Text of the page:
Patnaik’s popularity remains undiminished, and BJP knows it can only challenge him by riding on the shoulders of the PM’s iconic image, reports Archis Mohan.
Larger-than-life cutouts of Prime Minister Narendra Modi compete for space with those of Odisha Chief Minister Naveen Patnaik and his legendary father Biju Patnaik at traffic intersections and pedestrian pathways of the wide and leafy roads of Odisha’s capital, hosting a three-day Bharatiya Janata Party national executive meeting that started on Friday.
Modi and Patnaik will also contend for space in social media and on local television channels and newspapers.
The Patnaik-led government, mostly seen as laidback about self-promotion, has woken up after the BJP’s success in the recent panchayat polls. It has launched a propaganda war to showcase its achievements and to counter the Modi government’s claims of having rolled out sundry schemes for Odisha’s poor and youth.
The political battle has seldom been this sharply contested after Patnaik first led the Biju Janata Dal to victory in the year 2000. Patnaik’s BJD and the BJP were allies until 2009. After the Kandhamal riots he parted ways.
On Friday, the BJP displaced the Congress as the main opposition to Patnaik’s party.
"We have achieved our objective of making the BJP the number two party in Odisha. We believe BJP will become the ‘natural party of governance’ in the state by 2019,” Union petroleum minister Dharmendra Pradhan, who has emerged as the BJP’s Odisha face, said.
The hosting of national executive in Odisha is to instil confidence among party cadres for the battles ahead and to attract influential local leaders from rival parties.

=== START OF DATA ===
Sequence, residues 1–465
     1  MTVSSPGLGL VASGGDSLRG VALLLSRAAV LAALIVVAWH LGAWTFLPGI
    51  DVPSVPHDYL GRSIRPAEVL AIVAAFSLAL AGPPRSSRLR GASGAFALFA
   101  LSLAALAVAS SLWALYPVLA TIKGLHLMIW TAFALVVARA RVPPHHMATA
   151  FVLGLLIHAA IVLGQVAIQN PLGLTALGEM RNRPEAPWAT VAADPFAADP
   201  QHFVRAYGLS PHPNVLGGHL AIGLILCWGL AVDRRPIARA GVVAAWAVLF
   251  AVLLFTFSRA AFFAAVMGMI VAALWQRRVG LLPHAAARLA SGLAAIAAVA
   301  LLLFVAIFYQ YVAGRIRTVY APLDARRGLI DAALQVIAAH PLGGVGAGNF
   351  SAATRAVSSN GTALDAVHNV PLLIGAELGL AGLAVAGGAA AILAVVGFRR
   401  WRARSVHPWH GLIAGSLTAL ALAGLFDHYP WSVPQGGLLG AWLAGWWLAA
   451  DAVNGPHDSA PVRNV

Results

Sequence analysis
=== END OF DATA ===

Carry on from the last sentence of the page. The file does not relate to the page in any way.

Patnaik’s popularity remains undiminished, and BJP knows it can only challenge him by riding on the shoulders of the PM’s iconic image.
The BJP’s campaign in Odisha will also rest on the Centre’s schemes for the welfare of the poor, its attempts to respond to the unfulfilled aspirations of the youth of the state and by appropriating local icons.
It also hopes to build on the wide network of Sangh Parivar outfits that have been working in rural areas for decades, particularly to counter Christian missionary activity.
While Muslims comprise a mere two per cent of the population, there exists a resonance for Hindutva consolidation in the state. Recent violence, which had stemmed from communal tensions, Bhadrak has touched a raw nerve.
Pradhan says Odisha has become a ‘laboratory of the PM’s welfare of the poor agenda’, and details how Odisha has benefited with greater devolution under the 14th Finance Commission, more national highways are being constructed in the state and central allocations for rural housing is at an all-time high.
Beyond welfare politics, the BJP has assiduously worked to appropriate regional icons.
On Sunday, the PM will meet descendents of the warriors who had taken part in the 1817 Paika rebellion, considered the first armed rebellion against the British East India Company.
The venue for the BJP national executive has been named after 19th century Oriya poet Bhima Bhoi. The Dalit poet has a following across Odisha and Jharkhand, and his philosophy, ‘let the world get redeemed at my cost’, is inscribed on the wall of the UN Hall.
Other Odisha icons it has included in its pantheon are social reformer Gopabandhu Das and freedom fighter Veer Surendra Sai.
Whenever they are in Odisha, top BJP leaders, including Modi and Shah, visit the Jagannath temple and the Samaleswari temple in Sambalpur, and also pay their respects to the Shankaracharya of Puri.
But as the recent panchayat polls showed with the BJP winning most of the seats in areas where the Congress had been stronger, the only person standing between Modi and Shah's dream of installing a BJP government in Bhubaneswar is Naveen Patnaik.
IMAGE: BJP president Amit Shah inaugurates party's National Executive Meet in Bhubaneswar on Saturday. Photograph: PTI Photo